My trip to the oncologist resulted in a prescription for prednisone and directions to use the creams which I already had for itching.  Two days later I began to break out (this is in addition to the dark red blotches which were on my body).  By the third day I looked like I had the measles.  A call to the doctor resulted in the recommendation that I continue with the medication and hold on until Monday.  At that time I was to come back in to see the oncologist.   Chemo was to again be canceled.  It's been three days since  I called the doctor.  Some of the red blotches (ranging in size from a pencil eraser to the size of a quarter) have lightened.  The rash, however, is just as bad.  It really does look a lot like the measles.

     Have any of you had rashes on your arms, torso, and legs like that?

     Thanks for any responses,

Ritchie

Dear Margaret,

Thanks for the post.

As shown by an ERCP, I had one fully operational duct, then I had radiation.  Now my itching has greatly increased, and red blotches (as well as bruises) are forming on my skin.  I'm afraid that the good bile duct has been destroyed.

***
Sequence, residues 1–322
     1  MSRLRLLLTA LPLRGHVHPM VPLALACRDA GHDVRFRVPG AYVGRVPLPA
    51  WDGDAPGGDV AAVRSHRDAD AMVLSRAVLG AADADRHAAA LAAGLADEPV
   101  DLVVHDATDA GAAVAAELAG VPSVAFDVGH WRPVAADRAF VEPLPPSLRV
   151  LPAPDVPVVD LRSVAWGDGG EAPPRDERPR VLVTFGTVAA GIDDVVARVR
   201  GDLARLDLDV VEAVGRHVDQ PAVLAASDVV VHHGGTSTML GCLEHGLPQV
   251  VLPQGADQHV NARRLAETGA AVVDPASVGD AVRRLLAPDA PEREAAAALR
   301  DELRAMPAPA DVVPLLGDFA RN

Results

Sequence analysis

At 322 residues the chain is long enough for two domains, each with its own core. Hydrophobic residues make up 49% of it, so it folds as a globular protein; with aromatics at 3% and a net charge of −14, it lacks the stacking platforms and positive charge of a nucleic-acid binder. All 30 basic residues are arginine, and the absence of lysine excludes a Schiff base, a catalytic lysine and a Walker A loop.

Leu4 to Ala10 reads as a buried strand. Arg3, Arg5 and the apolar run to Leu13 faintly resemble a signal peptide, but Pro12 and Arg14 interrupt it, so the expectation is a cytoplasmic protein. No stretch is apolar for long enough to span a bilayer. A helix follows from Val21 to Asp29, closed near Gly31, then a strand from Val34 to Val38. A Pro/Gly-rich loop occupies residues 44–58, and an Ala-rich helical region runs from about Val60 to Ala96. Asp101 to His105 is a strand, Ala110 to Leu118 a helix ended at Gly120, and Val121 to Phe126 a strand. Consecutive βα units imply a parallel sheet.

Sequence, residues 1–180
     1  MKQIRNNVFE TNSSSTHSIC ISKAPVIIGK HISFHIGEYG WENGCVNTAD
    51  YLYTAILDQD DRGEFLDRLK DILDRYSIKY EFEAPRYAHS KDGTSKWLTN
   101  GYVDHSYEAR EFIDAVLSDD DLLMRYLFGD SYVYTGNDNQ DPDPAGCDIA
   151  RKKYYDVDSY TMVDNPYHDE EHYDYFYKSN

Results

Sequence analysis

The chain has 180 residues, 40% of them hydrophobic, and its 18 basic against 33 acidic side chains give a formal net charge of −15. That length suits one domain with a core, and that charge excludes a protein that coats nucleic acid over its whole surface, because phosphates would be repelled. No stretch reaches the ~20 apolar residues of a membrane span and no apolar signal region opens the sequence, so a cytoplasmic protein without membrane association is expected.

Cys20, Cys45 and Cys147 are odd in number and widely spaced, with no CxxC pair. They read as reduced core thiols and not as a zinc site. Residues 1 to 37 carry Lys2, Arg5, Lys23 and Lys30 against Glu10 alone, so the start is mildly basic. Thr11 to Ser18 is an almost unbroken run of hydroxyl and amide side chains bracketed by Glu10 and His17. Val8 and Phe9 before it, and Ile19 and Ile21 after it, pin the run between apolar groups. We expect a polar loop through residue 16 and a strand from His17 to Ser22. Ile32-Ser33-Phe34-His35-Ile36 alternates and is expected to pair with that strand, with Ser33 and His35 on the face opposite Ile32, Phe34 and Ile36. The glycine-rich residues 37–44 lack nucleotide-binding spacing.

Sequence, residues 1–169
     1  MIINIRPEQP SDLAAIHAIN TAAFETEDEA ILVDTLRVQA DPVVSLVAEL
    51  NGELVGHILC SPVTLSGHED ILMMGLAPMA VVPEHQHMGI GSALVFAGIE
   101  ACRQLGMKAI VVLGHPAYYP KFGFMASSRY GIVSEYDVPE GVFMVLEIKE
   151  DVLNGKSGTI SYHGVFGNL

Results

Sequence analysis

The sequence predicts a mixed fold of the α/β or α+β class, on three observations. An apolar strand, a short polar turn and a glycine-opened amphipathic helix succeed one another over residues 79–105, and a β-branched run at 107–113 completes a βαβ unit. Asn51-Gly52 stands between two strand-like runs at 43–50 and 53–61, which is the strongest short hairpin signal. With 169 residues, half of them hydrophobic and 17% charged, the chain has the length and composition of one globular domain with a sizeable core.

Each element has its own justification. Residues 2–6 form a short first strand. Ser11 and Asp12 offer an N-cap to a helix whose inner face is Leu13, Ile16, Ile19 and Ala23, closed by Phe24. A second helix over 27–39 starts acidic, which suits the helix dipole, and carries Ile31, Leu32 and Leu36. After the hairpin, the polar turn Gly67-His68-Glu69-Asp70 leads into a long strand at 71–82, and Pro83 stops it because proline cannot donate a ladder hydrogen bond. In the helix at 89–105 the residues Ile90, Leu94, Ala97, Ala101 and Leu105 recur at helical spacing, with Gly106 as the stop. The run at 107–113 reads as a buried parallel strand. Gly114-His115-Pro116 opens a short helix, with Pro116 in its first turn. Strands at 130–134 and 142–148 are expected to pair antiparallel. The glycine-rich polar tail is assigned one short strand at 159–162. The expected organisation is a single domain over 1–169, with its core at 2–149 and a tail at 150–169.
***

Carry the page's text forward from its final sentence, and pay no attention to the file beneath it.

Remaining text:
Tomorrow, I am to see my oncologist.  I'm going to ask what my options are, and plan to refuse further chemotherapy until some satisfaction can be given to me as to why things are going downhill so quickly.  I'm going to ask for another MRI or another ERCP.   Something, that will show why things don't seem to be getting better at all.  I think that I'm going to ask for a stint or something to decrease the itching.  Right now, my quality of life has gone to pot, and I don't believe its directly due to the CC.

I started out with one good bile duct and no evidence of cancer anywhere else.   They said they couldn't put in a stint during ERCP because I was throwing up.

Now I end up itching worse than ever (by the way you don't happen to have anything good for itching do you?), increased nausea, weakness beyond belief etc. etc. etc.  I don't mean to complain, I have so very much to be thankful for, but I got on a roll there.  Forgive me.

Perhaps I am wrong, but even before you wrote I was thinking that the radiation had destroyed the good bile duct.  If so I'm "pissed".  Pardon my language.  I know that it would have happened sooner or later anyway, but they said that it was slow growing.  Go  figure!

I'll stop bugging you, but I want you to know how much your information helped me to think that I'm not completely "out of it."  That perhaps there's more to the way that I'm feeling than my imagination.

Sincerely,
Ritchie

A quick review:  I've been diagnosed with bile duct cancer, have had 10 radiation treatments (5 and 5, off weekends), and two Gemzar/Kytril/Decadroin treatments (one each week).